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Family Law Reports


"The unrivalled and authoritative source of judicially approved case reports, covering all areas of family law."

Frank Feehan QC, Head of Chambers 42 Bedford Row

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We are the leading specialist  family court reporting service.
Family Law Reports
contains verbatim reports of every important Family Division, Court of Appeal, Supreme Court and European courts case, and also includes practice directions, covering the whole range of family law, public and private child law. Family Law Reports are available as both a print and online subscription.

Family Law Reports provides the following key features:

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  • Every case judicially approved making them totally authoritative and reliable
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[2017] 2 FLR 1515-1744 - Issue 12

Re A Ward of Court
[2017] EWHC 1022 (Fam)
[2017] FLR 1515, FD

DB v PB (Prenuptial Agreement: Jurisdiction)
[2016] EWHC 3431 (Fam)
[2017] 2 FLR 1540, FD

Hand and Another v George and Another
[2017] EWHC 533 (Ch)
[2017] 2 FLR 1565, ChD

Re K (Reciprocal Enforcement of Maintenance Orders: Power of Magistrates to Issue Bench Warrant)
[2017] EWFC 27
[2017] 2 FLR 1602, FC

SW and TW (Human Rights Claim: Procedure) (No 1)
[2017] EWHC 450 (Fam)
[2017] 2 FLR 1609, FD

Re W (A Child) (Adoption: Delay)
[2017] EWHC 829 (Fam)
[2017] 2 FLR 1628, FD

Re W (A Child) (No 3)
[2017] EWHC 1032 (Fam)
[2017] 2 FLR 1714, FD

Re X and Y (Secure Accommodation: Inherent Jurisdiction)
[2016] EWHC 2271 (Fam)
[2017] 2 FLR 1717, FD
"The unrivalled and authoritative source of judicially approved case reports, covering all areas of family law."

Frank Feehan QC, Head of Chambers, 42 Bedford Row

Rebecca Bailey-Harris Barrister, 1 Hare Court; Professor Emeritus, University of Bristol

Caroline Bridge Barrister and Solicitor, High Court of New Zealand; Honorary Fellow, University of Manchester

Nigel Lowe Barrister; Professor of Law, Cardiff Law School, Cardiff University

Consultant Editor: The Honourable Mr Justice Cobb
C v M
CASE C-376/14 PPU
Courtof Justice of the European Union
MIlešicˇ, President of The Chamber; AÓ Caoimh; C Toader;
EJarašiu¯nas (Rapporteur); CG Fernlund, Judges; M Szpunar;
LHewlett; Principal Administrator
9 October 2014

Jurisdiction – Habitual residence – Reference for preliminary ruling – Mother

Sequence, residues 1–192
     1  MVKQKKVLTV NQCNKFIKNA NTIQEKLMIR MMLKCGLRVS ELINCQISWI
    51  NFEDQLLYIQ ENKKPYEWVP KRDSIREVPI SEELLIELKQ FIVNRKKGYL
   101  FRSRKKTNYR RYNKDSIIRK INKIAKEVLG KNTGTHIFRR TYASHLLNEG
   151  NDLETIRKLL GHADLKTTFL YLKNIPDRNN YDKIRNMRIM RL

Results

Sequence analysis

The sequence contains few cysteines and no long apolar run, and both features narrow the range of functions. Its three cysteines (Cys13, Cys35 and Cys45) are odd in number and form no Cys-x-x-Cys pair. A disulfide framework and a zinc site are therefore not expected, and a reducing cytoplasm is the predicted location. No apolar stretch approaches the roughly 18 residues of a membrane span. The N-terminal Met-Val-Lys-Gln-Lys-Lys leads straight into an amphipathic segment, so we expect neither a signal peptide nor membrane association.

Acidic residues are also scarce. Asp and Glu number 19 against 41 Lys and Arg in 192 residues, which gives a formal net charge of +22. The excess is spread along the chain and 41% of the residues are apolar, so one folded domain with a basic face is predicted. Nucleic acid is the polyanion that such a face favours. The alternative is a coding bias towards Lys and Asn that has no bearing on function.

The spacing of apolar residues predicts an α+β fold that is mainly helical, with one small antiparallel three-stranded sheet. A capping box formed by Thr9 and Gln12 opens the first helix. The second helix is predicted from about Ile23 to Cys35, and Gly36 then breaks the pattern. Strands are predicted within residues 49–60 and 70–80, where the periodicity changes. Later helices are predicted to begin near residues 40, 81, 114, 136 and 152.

and child relocated to Ireland followingFrench order granting mother permission to do so – Order subsequently appealed – Whether the French court retained jurisdiction pursuant to BIIR– Whetherthe child was being wrongfully retained – Whether the child could establish habitualresidence in Ireland The British mother and French father marriedand had a child in France in 2008. When the marriage broke down the French courtgranted the parents joint parental authority, determined the child’s habitual residence tobe with the mother and made provision for contact between the father and child. Thejudgment which was provisionally enforceable provided that the mother waspermitted to set up residence in Ireland if she wished. The father sought to appeal but astay of the order was refused. The mother and child travelled to Ireland where they hadnow been living for 2 years. Nine months after their relocation, the father’s appealwas allowed and the original French judgment was overturned. The court ordered that the childshould live with the father and made provision for contact with the mother. Thefather applied to the High Court of Ireland for recognition and enforcement of the Frenchorder. The application was successful but the mother sought to appeal on a point oflaw. The father also applied to the High Court for a return order pursuant to theHague Convention for a return of the child to France and for a declaration that the motherhad wrongfully retained the child in Ireland. The application was dismissed andthe court held that the removal of the child to Ireland was lawful since it took place onthe basis of the French judgment. The High Court held that the child’s habitualresidence was not conditional upon the French judgment permitting the child’sremoval being overturned on appeal and that the child had been habitually resident inIreland since the mother took her there with the intention of settling. The fatherappealed. The Supreme Court of Ireland stayed the proceedings and made a reference for apreliminary ruling to the CJEU in seeking to establish whether the French court retainedjurisdiction in matters relating to the child in light of Art 12(2)(b) or Art 12(3)(a) and(b) of Council Regulation (EC) No 2201/2003 of 27 November 2003Concerning Jurisdiction and the Recognition and Enforcement of Judgments inMatrimonial Matters and in Matters of Parental Responsibility, repealing Regulation(EC) No 1347/2000 (Brussels II Revised) (BIIR) or whether the mother andchild were entitled to establish their habitual residence in Ireland. The courtasked: (1) Did the existence of the French proceedings relating to the custody of thechild preclude, in the circumstances of this case, the establishment of habitual residenceof the child in Ireland? (2) Did either the father or the French courts continue tomaintain custody rights in relation to the child so as to render wrongful the retention of thechild in Ireland? (3) Were the Irish courts entitled to consider the question of habitualresidence of the child in the circumstances where she had resided in Ireland for 2 yearsand her removal to Ireland was not in breach of French law?

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